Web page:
World Japan's new Prime Minister sends sacrification at controversial Yasukuni shrine
Kishida vows to lead with 'trust and empathy' to fix Japan
TOKYO (AP) — In his first policy speech Friday, Japan’s new Prime Minister Fumio Kishida promised to strengthen pandemic management and health care in case of another coronavirus resurgence, and turn around the battered economy while bolstering the country's defenses against threats from China and North Korea. Tasked with a crucial mission of rallying public support ahead of national elections expected on Oct. 31, Kishida promised to pursue politics of “trust and empathy.” He was elected by parliament and sworn in Monday as Japan's 100th prime minister, succeeding Yoshihide Suga who left after only a year in office.
Japan's new Prime Minister sent a ritual offering to the controversial Yasukuni shrine on Sunday. Fumio Kishida sent a "Masakaki" tree on the occasion of the autumn festival under his name to the shrine, said a spokeswoman of the site of the news agency AFP. Two of Kishidas Ministers also brought sacrifices.
The Yasukuni Shrine is consecrated around 2.5 million Japanese war ties, including convicted war criminals. Visits from Japanese politicians to the shrine therefore regularly ensure great annoyance in China and South Korea, which had been occupied by Japan during the Second World War. You see in the shrine a symbol of Japanese militarism.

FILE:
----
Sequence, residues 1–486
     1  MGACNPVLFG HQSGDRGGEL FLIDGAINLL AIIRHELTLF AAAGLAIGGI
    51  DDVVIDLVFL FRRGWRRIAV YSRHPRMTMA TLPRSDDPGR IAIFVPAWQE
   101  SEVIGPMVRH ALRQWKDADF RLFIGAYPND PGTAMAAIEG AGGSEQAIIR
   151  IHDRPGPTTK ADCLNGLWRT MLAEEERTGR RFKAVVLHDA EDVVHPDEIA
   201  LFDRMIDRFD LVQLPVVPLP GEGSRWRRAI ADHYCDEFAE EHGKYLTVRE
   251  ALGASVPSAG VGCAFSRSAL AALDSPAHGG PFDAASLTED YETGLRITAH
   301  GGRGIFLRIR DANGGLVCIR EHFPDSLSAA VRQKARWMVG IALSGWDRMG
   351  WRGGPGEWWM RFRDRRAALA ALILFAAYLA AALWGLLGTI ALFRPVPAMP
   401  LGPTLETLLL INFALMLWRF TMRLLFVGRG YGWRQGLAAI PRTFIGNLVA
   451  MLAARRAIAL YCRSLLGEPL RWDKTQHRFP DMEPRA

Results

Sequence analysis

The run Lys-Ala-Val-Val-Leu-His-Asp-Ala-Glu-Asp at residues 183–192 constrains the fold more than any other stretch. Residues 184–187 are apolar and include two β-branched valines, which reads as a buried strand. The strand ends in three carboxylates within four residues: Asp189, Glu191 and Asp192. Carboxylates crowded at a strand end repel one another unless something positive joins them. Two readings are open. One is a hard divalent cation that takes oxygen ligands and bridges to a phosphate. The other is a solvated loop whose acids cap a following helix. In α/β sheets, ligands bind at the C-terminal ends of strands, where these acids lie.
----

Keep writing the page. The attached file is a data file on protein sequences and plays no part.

Scandal-tainted PM Andrej Babis in lead of Czech election
PRAGUE (AP) — The centrist ANO (YES) movement led by populist billionaire Andrej Babis was leading in the Czech Republic’s parliamentary election, partial results suggested Saturday, despite a turbulent first term for Babis with numerous scandals. The two-day election to fill 200 seats in the lower house of the Czech Republic’s parliament took place shortly after the International Consortium of Investigative Journalists reported details of Babis’ overseas financial dealings in a project dubbed the “Pandora Papers.” Babis, 67, has denied wrongdoing.
Prime Minister previously avoided visits to the place. As the last active head of government, Shinzo Abe visited Shrine 2013, triggering a diplomatic crisis. At the 76th anniversary of Japan's capitulation at the beginning of the year, three ministers proved the shrine to honor what caused protests from China and South Korea.
Kishida, who was appointed Japanese Prime Minister at the beginning of October, does not plan to attend the shrine during the two-day autumn festival. However, his predecessor Yoshihide Suga on Sunday made a pilgrimage to the shrine, as the Shrine Spokeswoman said.
Defying public scorn and media storm, Japan’s princess is finally set to marry her man .
When Princess Mako of Japan weds in Tokyo, there will be no lavish ceremony, and none of the rites traditionally associated with Japanese royal weddings. In another first, she is forgoing the lump-sum payment of about $1.3 million that female royals receive after they lose their imperial status by marrying a commoner. The reason: public disapproval of her groom, Kei Komuro, 30, a recent law graduate, because of a financial dispute involving his mother.